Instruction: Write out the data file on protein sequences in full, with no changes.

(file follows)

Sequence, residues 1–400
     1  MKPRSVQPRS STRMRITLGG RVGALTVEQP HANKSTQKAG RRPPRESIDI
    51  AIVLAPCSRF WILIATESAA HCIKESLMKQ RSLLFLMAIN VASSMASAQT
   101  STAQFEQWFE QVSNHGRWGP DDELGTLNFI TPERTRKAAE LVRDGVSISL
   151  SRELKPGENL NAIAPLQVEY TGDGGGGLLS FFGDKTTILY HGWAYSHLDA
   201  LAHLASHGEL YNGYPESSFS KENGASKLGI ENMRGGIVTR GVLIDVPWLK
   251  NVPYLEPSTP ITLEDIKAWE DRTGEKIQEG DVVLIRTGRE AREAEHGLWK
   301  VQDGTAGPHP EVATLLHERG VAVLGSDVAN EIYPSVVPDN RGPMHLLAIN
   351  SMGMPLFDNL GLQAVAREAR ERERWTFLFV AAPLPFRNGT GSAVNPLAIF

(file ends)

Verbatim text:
Sequence, residues 1–400
     1  MKPRSVQPRS STRMRITLGG RVGALTVEQP HANKSTQKAG RRPPRESIDI
    51  AIVLAPCSRF WILIATESAA HCIKESLMKQ RSLLFLMAIN VASSMASAQT
   101  STAQFEQWFE QVSNHGRWGP DDELGTLNFI TPERTRKAAE LVRDGVSISL
   151  SRELKPGENL NAIAPLQVEY TGDGGGGLLS FFGDKTTILY HGWAYSHLDA
   201  LAHLASHGEL YNGYPESSFS KENGASKLGI ENMRGGIVTR GVLIDVPWLK
   251  NVPYLEPSTP ITLEDIKAWE DRTGEKIQEG DVVLIRTGRE AREAEHGLWK
   301  VQDGTAGPHP EVATLLHERG VAVLGSDVAN EIYPSVVPDN RGPMHLLAIN
   351  SMGMPLFDNL GLQAVAREAR ERERWTFLFV AAPLPFRNGT GSAVNPLAIF